Air Force is the Most Improved Team in College Football

Aug 14, 2014


Air Force head coach and alumni Troy Calhoun led the Falcons to six consecutive bowl appearances before last year’s disappointing season wherein Air Force was winless in the Mountain West Conference.  Air Force fans would like to forget about last season’s nightmare wherein the Falcons allowed a school-worse 490 yards per game and 40.0 points per game.  2014 brings with it hope and optimism for coach Calhoun as the Falcons return sixteen starters, including a good number of upperclassmen.  Based on everything that I have looked at with regards to this year’s Air Force squad, the Falcons are the most improved team in college football.

The quarterback position was a revolving door last year as four different Falcons found themselves behind center at some juncture of the season.  Kale Pearson was lost in the opening game of the season, Jaleel Awini was ultimately dismissed from the program, Karson Roberts suffered a concussion against San Diego State and true freshman Jerod Evans tore his ACL in a JV game in October!  Nate Romine is this year’s projected starter after throwing for 603 yards and rushing for 205 yards in limited action last season.

Romine is the beneficiary of an excellent Air Force offensive line that is expected to improve upon last year’s disappointing numbers despite losing three starters in Moshood Adeniji, David Lore and Jerry Henry.  The backfield is anchored by fullback Broam Hart, who was the team’s second-leading rusher and tailback Jon Lee, who was the Falcon’s third-leading rusher.  The big loss for Air Force is star running back Anthony LaCoste, who led the team with 890 yards at 6.6 yards per rush attempt in 2013.  Every key wide receiver returns in 2014, but this remains an underwhelming unit overall.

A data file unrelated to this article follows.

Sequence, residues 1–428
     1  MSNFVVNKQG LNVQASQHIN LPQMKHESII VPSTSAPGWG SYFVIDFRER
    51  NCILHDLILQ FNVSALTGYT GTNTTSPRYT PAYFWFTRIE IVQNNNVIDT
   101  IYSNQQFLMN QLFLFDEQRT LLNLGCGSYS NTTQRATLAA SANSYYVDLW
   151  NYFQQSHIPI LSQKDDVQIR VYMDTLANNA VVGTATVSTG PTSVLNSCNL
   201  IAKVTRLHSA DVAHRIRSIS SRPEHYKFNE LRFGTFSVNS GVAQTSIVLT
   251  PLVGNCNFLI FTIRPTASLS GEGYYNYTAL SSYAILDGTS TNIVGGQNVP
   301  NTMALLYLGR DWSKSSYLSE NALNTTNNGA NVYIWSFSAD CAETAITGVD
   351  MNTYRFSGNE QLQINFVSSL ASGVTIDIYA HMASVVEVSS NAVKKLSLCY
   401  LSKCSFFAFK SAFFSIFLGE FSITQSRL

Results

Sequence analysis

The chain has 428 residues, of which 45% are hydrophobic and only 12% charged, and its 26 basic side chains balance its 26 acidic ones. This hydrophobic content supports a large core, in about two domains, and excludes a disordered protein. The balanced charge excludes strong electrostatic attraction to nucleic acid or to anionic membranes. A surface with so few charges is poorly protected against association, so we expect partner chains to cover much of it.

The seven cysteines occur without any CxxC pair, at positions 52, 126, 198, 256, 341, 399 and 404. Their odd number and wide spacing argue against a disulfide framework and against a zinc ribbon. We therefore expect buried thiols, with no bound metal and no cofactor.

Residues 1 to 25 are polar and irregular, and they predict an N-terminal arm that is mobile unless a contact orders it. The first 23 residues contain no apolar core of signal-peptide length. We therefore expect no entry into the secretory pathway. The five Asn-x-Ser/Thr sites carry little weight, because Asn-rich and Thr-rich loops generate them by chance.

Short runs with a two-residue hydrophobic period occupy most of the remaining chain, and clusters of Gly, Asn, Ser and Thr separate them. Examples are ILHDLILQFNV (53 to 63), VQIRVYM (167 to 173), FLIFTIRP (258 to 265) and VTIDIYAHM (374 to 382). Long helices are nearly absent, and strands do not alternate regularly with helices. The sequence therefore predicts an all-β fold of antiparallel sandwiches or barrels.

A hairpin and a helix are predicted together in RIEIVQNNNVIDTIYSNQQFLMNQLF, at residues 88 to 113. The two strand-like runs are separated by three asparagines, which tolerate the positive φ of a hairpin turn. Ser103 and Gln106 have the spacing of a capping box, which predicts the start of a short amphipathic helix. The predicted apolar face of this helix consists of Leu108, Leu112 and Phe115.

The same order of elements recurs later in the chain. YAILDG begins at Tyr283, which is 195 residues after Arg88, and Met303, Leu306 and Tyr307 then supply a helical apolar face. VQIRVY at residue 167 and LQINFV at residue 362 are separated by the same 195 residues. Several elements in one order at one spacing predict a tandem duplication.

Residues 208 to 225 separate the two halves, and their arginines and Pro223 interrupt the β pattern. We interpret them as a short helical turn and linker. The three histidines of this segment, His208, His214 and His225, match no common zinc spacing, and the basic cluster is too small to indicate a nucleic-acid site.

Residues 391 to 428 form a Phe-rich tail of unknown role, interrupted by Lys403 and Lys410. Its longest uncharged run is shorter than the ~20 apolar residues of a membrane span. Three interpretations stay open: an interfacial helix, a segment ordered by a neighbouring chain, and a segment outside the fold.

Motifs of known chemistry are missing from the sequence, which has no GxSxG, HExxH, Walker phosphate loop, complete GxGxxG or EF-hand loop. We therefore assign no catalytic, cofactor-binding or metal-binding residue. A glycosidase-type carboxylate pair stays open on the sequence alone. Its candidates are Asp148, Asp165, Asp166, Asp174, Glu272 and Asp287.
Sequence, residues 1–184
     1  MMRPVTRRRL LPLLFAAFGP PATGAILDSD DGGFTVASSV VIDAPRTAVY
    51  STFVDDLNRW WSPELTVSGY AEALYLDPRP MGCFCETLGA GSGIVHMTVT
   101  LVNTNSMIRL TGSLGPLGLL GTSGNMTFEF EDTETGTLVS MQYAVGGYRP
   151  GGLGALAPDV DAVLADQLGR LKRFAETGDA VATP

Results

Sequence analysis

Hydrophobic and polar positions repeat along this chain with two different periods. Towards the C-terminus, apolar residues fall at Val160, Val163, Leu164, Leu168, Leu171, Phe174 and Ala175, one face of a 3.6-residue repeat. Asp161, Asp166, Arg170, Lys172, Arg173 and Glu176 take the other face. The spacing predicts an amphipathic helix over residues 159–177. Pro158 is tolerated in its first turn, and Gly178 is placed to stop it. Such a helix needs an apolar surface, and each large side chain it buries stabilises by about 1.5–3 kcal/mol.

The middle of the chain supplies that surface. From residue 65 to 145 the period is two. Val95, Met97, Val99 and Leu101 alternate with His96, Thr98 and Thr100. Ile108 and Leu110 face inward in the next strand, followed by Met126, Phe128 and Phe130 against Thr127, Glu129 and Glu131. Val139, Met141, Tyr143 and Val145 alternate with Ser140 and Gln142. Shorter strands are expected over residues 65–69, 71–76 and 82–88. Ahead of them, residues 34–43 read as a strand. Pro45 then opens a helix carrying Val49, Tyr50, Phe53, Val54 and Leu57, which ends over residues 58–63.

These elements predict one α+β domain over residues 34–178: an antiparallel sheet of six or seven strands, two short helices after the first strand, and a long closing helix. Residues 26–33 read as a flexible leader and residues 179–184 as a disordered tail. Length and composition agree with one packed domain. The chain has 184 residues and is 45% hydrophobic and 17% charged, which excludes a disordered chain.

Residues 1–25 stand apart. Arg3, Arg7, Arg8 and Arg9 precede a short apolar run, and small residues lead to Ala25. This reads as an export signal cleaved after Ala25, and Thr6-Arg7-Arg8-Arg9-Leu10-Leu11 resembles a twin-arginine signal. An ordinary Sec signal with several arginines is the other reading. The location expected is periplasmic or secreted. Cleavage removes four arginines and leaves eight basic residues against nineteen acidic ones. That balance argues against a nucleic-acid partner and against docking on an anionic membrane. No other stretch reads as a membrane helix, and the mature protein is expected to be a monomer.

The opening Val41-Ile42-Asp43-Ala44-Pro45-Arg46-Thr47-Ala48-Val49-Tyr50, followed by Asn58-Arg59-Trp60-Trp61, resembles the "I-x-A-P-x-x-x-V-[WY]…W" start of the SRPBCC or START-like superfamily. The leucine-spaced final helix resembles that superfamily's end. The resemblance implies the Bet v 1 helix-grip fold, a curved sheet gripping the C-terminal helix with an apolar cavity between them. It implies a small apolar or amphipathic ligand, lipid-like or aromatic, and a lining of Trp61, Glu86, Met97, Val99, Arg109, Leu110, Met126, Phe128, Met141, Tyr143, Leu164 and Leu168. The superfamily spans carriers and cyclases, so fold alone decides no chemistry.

From a defensive standpoint, Air Force takes the field with the most improved linebacking unit in college football. The entire linebacking corp. returns from last year, including eight players who started at some point during the season. After allowing a program-worst 40.0 points per game, I expect significant improvement from this unit in 2014.  Air Force also had the worst rush defense since 1978 after yielding 251 yards per game (5.1) last year, but the Falcons enter the 2014 campaign with the most veteran defensive line since 2009.  Like its wide receiving unit, Air Force’s secondary is nothing to write home about and is clearly the weak link on the defensive side of the ball.

Air Force is one of the most experienced teams in the nation with sixteen returning starters, and the Falcons have a legitimate chance of landing in postseason play for the sixth time in seven years under coach Calhoun.  I have no hesitation is labeling Air Force as the most improved team in college football this year.